Several days ago when visiting neighbor Anna came over to practice the piano, she invited us to hear her dad preach. We were happy to go, wanting to hear Robert and to worship in Amy’s church. I thought it would be very special to be there when Amy heard her son. Unfortunately, Ron wasn’t doing well, so Amy stayed home with him.
That Baptist church gave us the warmest welcome we’ve had in any church here. Of course, we were spotted as strangers and asked to stand up to introduce ourselves. Thank heavens John thought quickly and said the perfect thing, that we were Amy’s neighbors and came to hear Rob. As soon as the people heard Amy’s name, they murmured appreciatively. It was like being given a warm, vocal caress.
The young people were asked to go forward to sing, and Anna (wearing blue) gamely went with the others. Because we were sitting behind everyone else, I didn’t feel conspicuous snapping a photo. The woman ahead of me heard the sound and moved further down her pew, giving me a clearer view.
The music was something else. They had piano, bass, and two guitars on a WEDNESDAY EVENING! In Setauket, we had difficulty getting that many musicians on Easter Sunday! I had a hard time tearing my eyes from the bass, never having seen an electronic one before. The upper part looked like a double bass from an orchestra, but the lower part was missing. It made me feel I was looking at a person with a prosthetic leg. The sound was good, though. After the service, many people came over to shake our hands. I enjoyed talking with the pianist. I asked if she plays on Sunday, too, and she does. John told her I had played for our church, and she asked if I played by ear or by notes. I guessed correctly that she plays by ear. We agreed that it’s a gift that can’t be taught. If it could, I would have tried to learn long ago, having always envied people who could create music with nothing in front of their eyes.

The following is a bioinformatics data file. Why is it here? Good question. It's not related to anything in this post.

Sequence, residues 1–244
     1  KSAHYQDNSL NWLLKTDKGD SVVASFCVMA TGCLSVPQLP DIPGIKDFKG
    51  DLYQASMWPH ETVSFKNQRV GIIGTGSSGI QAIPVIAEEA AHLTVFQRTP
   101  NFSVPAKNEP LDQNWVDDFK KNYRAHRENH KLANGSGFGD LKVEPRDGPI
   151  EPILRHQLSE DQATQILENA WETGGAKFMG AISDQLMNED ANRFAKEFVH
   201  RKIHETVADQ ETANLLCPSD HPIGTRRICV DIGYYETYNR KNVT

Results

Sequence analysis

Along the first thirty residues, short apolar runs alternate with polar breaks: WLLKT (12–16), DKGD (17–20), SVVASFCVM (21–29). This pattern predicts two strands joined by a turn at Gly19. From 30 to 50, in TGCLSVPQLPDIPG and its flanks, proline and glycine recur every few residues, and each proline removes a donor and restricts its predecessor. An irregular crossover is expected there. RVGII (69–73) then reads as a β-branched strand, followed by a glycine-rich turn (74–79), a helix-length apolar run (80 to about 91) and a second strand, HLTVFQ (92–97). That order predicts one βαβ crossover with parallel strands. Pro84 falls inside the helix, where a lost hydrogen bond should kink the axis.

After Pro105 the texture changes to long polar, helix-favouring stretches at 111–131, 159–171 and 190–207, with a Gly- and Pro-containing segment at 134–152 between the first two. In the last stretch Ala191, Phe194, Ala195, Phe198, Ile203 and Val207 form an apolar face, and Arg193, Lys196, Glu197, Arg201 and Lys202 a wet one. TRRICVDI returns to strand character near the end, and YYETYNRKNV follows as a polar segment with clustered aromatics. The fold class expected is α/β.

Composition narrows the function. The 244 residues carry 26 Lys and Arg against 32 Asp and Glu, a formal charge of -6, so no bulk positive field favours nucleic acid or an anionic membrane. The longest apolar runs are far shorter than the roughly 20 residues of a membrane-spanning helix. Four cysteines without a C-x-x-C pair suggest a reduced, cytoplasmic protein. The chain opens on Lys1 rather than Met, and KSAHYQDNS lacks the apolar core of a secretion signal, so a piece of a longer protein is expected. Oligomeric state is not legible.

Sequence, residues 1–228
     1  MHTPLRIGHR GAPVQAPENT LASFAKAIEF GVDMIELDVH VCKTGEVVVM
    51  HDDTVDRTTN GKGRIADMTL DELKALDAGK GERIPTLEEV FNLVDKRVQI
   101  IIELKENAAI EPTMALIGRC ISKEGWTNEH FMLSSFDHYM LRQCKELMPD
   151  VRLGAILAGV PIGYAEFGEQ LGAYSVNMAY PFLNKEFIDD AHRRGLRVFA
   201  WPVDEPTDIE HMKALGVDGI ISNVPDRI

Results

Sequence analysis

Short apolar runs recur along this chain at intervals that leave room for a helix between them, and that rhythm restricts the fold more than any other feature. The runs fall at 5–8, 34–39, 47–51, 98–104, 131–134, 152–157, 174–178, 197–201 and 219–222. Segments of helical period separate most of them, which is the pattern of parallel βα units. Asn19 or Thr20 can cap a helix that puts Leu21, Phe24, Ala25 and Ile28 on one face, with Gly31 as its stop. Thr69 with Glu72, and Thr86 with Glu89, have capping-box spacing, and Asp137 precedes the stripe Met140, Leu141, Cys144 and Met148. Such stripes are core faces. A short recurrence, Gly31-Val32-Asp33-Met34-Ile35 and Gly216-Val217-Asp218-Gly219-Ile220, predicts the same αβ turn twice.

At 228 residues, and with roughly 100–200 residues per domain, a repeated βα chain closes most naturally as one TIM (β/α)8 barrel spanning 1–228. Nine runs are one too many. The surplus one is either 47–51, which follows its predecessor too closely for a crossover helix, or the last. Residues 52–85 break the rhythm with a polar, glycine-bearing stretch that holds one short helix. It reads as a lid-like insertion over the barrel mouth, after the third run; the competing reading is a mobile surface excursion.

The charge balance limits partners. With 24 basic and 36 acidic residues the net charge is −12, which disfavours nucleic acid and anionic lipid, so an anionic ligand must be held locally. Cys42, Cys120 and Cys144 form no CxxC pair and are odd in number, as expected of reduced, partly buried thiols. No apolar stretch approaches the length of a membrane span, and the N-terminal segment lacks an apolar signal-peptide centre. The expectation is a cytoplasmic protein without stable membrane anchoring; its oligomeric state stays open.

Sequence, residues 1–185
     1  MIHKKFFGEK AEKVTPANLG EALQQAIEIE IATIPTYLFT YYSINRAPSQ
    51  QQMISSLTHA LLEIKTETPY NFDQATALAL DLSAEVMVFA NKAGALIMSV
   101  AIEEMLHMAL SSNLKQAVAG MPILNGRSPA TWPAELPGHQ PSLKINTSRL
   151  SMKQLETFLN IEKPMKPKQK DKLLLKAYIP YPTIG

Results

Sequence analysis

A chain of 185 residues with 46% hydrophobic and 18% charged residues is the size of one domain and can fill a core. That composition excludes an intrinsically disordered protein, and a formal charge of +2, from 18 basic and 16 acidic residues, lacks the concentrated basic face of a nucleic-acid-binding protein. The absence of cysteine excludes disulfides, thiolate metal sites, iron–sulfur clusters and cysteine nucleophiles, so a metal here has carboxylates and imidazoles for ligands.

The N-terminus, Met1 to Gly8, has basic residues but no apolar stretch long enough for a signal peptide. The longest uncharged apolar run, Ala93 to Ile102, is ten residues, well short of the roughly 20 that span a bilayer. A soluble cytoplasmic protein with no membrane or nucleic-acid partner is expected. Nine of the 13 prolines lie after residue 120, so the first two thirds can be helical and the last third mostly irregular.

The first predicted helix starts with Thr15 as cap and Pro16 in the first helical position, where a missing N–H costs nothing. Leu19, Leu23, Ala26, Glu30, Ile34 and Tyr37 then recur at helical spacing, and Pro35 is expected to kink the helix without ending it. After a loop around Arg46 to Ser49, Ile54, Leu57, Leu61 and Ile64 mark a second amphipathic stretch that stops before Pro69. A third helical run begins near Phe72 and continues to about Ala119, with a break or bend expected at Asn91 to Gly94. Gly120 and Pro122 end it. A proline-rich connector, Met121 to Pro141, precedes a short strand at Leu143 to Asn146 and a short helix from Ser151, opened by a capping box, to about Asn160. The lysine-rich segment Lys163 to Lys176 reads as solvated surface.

How special it was to hear Rob peach! I think you’d call it the expository style, where you read a section of scripture and expound on it. Lutherans talk about “scripture alone”, but Baptists practice it routinely. Rob referred to things in Egypt, and the congregation was right there with him. In West Tennessee we used to poke fun at ourselves with the “Amen corner”. A group of men in the back would say Amen when they agreed with some point from the pulpit. Here the people participated all around the church as they murmured words in agreement with what Rob was saying. I never thought about an interactive sermon, but it must be something akin to applause. The preacher has instant feedback, and the lack of it might mean you’ve lost your audience. Rob didn’t lose his.
I longed for Amy to be there, and Ron, too. Here was their child, a son of the congregation, addressing the church. It would make any parent’s heart swell. Perhaps someone else made a recording that is much better, but I taped it with my phone.